“For prison medicine to work, a doctor has to be able to trust the people who work there,” said Dr. Neal Collins, a retired BOP and immigration detention-center physician and clinical director who reviewed the Acosta files. “If they have competent nurse practitioners, then they can trust that the system is catching it. But when people don’t know what to look for, that’s what you worry about.”

In significant discomfort on one of his many trips to plead for help, Acosta told an LVN that he’d vomited a dark substance and had seen blood in his stool. He asked to be sent to a hospital, and the LVN took a stool sample. Leafing through the file, I expected to find a hospital referral or at least the test results. Instead, the records suggest that the LVN eyeballed the stool sample and deemed it unremarkable. There’s no indication in the files that lab tests were performed or a doctor was called. When Acosta finally saw a physician at Reeves in December 2010, he could no longer eat. He was transferred to a hospital, where a massive tumor was found in his abdomen. Acosta was ultimately diagnosed with severe metastatic stomach cancer.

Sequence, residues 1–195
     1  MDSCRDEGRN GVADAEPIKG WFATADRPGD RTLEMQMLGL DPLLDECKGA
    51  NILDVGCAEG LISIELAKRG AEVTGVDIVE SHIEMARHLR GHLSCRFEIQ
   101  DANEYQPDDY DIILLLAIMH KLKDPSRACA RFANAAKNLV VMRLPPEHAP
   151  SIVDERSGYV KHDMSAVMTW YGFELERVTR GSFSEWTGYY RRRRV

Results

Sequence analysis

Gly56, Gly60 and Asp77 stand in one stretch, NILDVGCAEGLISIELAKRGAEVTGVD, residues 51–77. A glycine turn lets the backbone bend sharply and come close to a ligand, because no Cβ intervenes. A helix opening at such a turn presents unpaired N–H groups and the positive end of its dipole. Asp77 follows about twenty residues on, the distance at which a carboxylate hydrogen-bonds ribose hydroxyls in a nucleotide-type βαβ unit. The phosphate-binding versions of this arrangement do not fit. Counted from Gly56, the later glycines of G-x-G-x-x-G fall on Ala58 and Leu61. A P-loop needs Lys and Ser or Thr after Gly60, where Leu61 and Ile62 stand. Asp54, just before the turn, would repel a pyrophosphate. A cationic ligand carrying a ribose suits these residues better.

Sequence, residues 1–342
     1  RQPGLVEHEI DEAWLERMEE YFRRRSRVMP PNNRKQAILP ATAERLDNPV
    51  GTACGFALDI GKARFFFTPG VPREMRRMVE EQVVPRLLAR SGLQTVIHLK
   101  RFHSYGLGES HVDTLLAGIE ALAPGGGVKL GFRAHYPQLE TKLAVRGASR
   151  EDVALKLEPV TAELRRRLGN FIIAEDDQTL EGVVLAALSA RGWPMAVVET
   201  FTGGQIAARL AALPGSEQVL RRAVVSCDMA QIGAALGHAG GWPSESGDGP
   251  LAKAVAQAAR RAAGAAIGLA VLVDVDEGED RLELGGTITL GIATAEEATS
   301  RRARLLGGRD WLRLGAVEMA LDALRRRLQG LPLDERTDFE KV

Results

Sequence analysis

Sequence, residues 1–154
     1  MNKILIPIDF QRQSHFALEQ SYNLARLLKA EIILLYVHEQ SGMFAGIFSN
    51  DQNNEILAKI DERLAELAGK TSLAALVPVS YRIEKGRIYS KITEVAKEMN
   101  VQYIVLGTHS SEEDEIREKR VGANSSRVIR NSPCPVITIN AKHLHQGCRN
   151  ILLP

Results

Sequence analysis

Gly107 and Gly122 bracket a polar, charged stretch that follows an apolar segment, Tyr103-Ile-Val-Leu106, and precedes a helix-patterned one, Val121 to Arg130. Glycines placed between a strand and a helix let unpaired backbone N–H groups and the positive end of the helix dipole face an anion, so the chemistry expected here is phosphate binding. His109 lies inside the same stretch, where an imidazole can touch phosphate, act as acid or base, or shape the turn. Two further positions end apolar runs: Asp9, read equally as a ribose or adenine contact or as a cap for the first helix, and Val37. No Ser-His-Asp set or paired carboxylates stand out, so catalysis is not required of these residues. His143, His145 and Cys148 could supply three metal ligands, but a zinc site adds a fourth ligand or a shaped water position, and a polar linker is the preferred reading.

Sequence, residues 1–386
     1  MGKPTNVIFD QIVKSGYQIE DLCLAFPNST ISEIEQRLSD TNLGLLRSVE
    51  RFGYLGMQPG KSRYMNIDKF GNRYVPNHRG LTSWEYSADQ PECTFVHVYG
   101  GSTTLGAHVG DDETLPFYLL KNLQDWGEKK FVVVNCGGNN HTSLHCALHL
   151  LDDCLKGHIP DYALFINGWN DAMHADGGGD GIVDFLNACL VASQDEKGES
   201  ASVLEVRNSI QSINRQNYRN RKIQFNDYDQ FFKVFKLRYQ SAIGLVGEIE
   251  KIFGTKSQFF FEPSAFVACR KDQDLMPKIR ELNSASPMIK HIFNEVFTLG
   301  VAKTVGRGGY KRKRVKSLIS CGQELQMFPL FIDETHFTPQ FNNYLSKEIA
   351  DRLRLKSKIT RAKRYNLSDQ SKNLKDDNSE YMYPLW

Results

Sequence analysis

In early 2014, an LVN at another facility—this one run by MTC—similarly failed to complete a basic test. Tasked with evaluating a man who complained of chest pains, the LVN attempted to use an electrocardiogram machine. But he wrote in his notes that he couldn’t get the machine to work because the patient’s “skin is oily and electroids [sic] did not stick.” Rather than call a doctor, the LVN checked a box marked “No action indicated at this time” on the form for chest-pain complaints. The patient later died of a heart attack, despite subsequent treatment. Doctors who reviewed the file were divided about whether the shoddy care contributed to his death.